Traditional tubers and innovative marmalades in Ecuador
Chimborazo, Ecuador: Ecuadorian women looking to improve their livelihoods and food security have benefited from the business expertise of Italian volunteers working with the United Nations Volunteers (UNV) programme.
Chimborazo province in Ecuador is badly affected by agricultural over-exploitation, which diminishes soil productivity and biodiversity. The resulting lack of natural resources leads to poverty, migration and family disintegration. The 'Nueva Vida' Indigenous Women's Association has looked for innovative ways to guarantee the food security of their families.
Luigi Fogliani, an agricultural expert, and Paolo Faberi, a business administration expert, are members of the 'Seniores Italia' NGO in Rome, which works with UNV to send expert volunteers to aid development work. Their mission was to help the 'Nueva Vida' Indigenous Women's Association find ways to improve its agricultural production process, as well as a way to commercialize its products through a business plan and a sales strategy for marmalades and sweets based on indigenous tubers.
The volunteers visited the crops in one of the communities, confirming the high quality of the tubers and their year-round availability. They also confirmed that the marmalade was produced following appropriate technical procedures, in terms of both security and hygiene; and they contributed additional knowledge which was incorporated into the production process.
The project can be tracked back to 2002-2004, when 'Nueva Vida' worked with UNDP and the Global Environment Facility (GEF) Small Grants Programme (SGP). The objective was to recuperate several varieties of native tubers and cereals in order to guarantee the food security of families and communities.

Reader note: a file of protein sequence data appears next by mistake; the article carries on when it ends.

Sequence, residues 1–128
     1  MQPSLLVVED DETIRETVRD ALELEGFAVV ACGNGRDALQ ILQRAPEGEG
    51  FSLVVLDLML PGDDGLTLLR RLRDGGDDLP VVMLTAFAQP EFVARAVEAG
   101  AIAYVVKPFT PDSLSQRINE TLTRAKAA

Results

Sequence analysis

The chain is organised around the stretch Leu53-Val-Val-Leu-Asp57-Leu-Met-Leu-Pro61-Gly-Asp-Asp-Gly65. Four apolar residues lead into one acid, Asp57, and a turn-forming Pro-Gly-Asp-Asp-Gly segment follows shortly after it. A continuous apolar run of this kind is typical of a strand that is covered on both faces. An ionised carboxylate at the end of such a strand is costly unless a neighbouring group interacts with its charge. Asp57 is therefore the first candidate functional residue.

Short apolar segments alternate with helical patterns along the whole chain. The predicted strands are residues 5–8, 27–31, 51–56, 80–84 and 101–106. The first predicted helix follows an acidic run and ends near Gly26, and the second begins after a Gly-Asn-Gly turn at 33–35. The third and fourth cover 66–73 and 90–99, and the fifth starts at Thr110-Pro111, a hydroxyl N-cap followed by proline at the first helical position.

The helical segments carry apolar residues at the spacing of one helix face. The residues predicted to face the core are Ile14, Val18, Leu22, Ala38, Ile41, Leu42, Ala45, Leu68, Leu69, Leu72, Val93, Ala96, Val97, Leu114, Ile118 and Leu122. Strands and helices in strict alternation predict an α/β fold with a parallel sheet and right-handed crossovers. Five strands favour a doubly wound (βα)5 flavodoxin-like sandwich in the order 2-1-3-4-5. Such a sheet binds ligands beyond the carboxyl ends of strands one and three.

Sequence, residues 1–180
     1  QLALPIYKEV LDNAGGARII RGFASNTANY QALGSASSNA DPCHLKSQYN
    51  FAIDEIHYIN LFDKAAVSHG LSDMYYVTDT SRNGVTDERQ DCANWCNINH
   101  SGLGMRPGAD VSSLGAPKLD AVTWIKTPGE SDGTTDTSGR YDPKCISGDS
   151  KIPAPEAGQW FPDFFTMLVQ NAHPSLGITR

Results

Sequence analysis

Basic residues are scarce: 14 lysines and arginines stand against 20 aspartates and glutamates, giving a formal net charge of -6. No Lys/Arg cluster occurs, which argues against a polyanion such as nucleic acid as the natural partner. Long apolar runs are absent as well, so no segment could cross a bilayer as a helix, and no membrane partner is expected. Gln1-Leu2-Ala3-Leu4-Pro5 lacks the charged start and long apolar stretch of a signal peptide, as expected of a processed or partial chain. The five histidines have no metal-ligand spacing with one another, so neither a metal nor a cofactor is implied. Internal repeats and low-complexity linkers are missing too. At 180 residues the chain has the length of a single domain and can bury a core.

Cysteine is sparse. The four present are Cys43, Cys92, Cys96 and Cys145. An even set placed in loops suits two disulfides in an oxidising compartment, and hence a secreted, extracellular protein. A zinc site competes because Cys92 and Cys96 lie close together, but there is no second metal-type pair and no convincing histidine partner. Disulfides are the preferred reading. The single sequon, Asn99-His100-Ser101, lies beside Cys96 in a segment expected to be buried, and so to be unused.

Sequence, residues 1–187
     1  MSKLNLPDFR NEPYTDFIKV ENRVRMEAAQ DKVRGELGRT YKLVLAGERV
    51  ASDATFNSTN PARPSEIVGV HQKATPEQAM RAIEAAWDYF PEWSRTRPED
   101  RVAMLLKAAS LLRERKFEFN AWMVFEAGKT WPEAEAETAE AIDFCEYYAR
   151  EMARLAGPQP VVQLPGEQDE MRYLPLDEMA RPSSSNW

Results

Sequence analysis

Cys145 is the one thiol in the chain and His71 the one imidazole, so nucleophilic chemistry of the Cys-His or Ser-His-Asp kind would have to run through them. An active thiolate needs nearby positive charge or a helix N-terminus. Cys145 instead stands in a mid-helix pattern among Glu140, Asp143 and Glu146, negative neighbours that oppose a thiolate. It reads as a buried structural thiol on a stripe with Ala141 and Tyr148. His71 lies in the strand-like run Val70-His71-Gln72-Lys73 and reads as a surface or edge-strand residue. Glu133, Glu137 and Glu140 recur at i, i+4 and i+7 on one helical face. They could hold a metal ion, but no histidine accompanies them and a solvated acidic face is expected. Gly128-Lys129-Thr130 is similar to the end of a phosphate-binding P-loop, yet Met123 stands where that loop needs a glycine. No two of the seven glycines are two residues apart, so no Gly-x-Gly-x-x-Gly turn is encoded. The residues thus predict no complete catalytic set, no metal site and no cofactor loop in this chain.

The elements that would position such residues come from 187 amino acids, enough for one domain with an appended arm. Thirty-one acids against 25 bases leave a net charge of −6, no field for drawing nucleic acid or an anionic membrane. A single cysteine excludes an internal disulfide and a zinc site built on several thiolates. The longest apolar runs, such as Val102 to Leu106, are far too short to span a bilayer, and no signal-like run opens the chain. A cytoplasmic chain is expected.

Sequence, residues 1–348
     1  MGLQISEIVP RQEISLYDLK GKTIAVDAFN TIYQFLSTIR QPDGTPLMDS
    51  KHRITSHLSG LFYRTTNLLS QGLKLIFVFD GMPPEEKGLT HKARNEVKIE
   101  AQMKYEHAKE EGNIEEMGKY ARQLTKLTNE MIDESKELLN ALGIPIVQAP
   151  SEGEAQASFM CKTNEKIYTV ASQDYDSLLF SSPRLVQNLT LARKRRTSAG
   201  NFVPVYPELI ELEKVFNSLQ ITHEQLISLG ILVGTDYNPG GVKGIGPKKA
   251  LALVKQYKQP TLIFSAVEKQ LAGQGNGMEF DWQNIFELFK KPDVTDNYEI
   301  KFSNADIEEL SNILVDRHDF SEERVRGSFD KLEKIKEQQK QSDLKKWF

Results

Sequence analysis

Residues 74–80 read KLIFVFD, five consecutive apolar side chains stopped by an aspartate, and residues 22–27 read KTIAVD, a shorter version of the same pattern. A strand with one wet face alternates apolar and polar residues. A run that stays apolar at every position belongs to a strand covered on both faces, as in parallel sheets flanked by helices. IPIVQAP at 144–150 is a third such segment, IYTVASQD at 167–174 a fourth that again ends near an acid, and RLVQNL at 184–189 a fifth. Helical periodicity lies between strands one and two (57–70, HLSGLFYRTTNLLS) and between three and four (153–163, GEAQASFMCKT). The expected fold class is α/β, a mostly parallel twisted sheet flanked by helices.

'Nueva Vida' continued to plant Andean tubers and cereals after 2004 and wanted to generate additional income by turning certain tubers ('mashua', 'oco' and 'melloco') into the marmalade products they now produce.
In 2007 the Association was one of five organizations to be awarded the global 'Seed Award' by the United Nations Environment Programme (UNEP), UNDP and the International Union for Conservation of Nature (IUCN). This award recognizes and supports initiatives that foster sustainable development through innovative, local partnership-based solutions.
However, there is still work to be done. "There is room for improvement in the area of marketing and sales," explains Mr. Faberi. "This is why we assisted in the elaboration of a business plan and with specific marketing actions, such as: cost calculation, pricing and sales techniques, and designing leaflets to describe the Association as well as the various tubers and marmalades."
He thinks that the results have been positive, and the women are determined to improve sales and marketing. Their products are grown without chemical fertilizers and produced without additives so the next step could be to enter the 'organic' market, which may prove very profitable.
Mr. Fogliani and Mr. Faberi carried out a market research study in Riobamba, concluding that neither tuber nor organic marmalades were yet available. This could be an opportunity for the Association to obtain a bigger return on the marmalades, at the same time contributing to sustainability through traditional cereal and tuber crops. The Italian volunteers' advice is thus helping the Ecuadorian women to guarantee long-term food security.
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